In the end, you also want to keep your web team’s workload in mind. It can add time and frustration when a development team has to account for dozens of different page templates and elements across a website. I usually find that images are the biggest offender. At one point, the main website I was working on had four different image sizes for article thumbnails when the design could have called for one. Having too many extraneous pieces makes scaling your website more miserable for your design and dev teams to keep up with, because you’ll inevitably want to change your design bit by bit, creating a lot of duplicate work.

Is my website accessible?

No matter what you are making in the digital empire – be it a website, app or cutting-edge software – it’s important to make sure you’re not overlooking the percentage of your audience that may have difficulty with certain text sizes or color combos. In general, it’s a good rule of thumb to keep the text on your site no smaller than 10px font (this can even change to 12px minimum depending on the font you choose). Other factors may influence the size of your fonts, too, like using larger font sizes for an older demographic or for sites with heavy walls of text.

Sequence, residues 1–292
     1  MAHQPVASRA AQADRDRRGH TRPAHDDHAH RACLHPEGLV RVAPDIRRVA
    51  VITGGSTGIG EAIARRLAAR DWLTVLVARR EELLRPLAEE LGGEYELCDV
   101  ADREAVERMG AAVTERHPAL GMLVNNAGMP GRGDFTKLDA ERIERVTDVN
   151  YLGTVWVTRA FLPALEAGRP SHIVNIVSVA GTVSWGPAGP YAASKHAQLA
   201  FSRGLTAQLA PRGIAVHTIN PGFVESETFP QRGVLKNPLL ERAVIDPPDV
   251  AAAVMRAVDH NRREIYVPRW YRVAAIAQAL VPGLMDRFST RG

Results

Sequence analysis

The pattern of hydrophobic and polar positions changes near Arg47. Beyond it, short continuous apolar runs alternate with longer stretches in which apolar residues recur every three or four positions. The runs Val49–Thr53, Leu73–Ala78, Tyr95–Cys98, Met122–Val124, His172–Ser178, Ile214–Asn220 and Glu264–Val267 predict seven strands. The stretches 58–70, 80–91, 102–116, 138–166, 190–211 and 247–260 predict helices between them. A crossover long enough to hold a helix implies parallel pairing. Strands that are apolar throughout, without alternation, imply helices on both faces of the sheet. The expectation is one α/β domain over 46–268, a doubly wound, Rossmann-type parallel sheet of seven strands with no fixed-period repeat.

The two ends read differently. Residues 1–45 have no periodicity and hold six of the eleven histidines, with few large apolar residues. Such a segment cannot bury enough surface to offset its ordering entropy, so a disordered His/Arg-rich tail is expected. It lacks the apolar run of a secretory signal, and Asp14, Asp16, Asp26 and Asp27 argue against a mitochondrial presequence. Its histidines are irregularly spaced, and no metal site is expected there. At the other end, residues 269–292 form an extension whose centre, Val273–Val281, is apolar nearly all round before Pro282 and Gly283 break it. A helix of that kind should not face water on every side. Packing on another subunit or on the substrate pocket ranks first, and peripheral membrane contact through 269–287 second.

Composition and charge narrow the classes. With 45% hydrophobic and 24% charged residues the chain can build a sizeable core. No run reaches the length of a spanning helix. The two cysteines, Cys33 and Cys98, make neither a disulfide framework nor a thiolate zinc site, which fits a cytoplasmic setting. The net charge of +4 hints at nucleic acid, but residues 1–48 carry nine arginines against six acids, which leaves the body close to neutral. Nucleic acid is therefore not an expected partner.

Colors are a big factor for accessibility as well, not only to account for those with color blindness but also to avoid certain color combos that are, well…not good for anyone. For colors to pass the test, they need to have high enough contrast to be legible. Without this contrast, users with certain color blindnesses may not be able to differentiate one color from another and your information could be lost in a sea of gray. Every element on your page, from buttons to icons to text, should have the right amount of contrast against the background color they’re on in order to stand out. Sites like WebAIM Color Contrast Checker  provide an easy way to double-check the accessibility of the colors on your site.

So. Is it time to hit the “Publish” button?

Hopefully these few questions have shed some light on your website design and how it might perform. My best tip for you moving forward is: every once in a while, take a step back and ask yourself if you’re acting in the best interest of your audience. Your fate is usually in their hands!

If you have any questions (or tips of your own!) please share in the comments. Now go forth and conquer the internet!

We are grateful for our guest blogger, Arielle McMahon! She & Jenn met at ACTIVE Network in Dallas, Texas and had the opportunity to work together on many projects.

Arielle entered the art world in her kindergarten drawing contest, and has been there ever since. She has harnessed her creativity over the years, starting with a fine art degree and going through the paces as a web designer, visual product designer and now as a full-stack user experience designer at Omnitracs. From campaigns that excite and lift hearts to software that makes people’s lives easier, Arielle loves being able to use her passion for art as well as logic to create experiences and memories with others. Her other passions include movie quoting, board gaming, drawing, dessert eating and, of course, puppies. Connect with Arielle over at LinkedIn and Insta.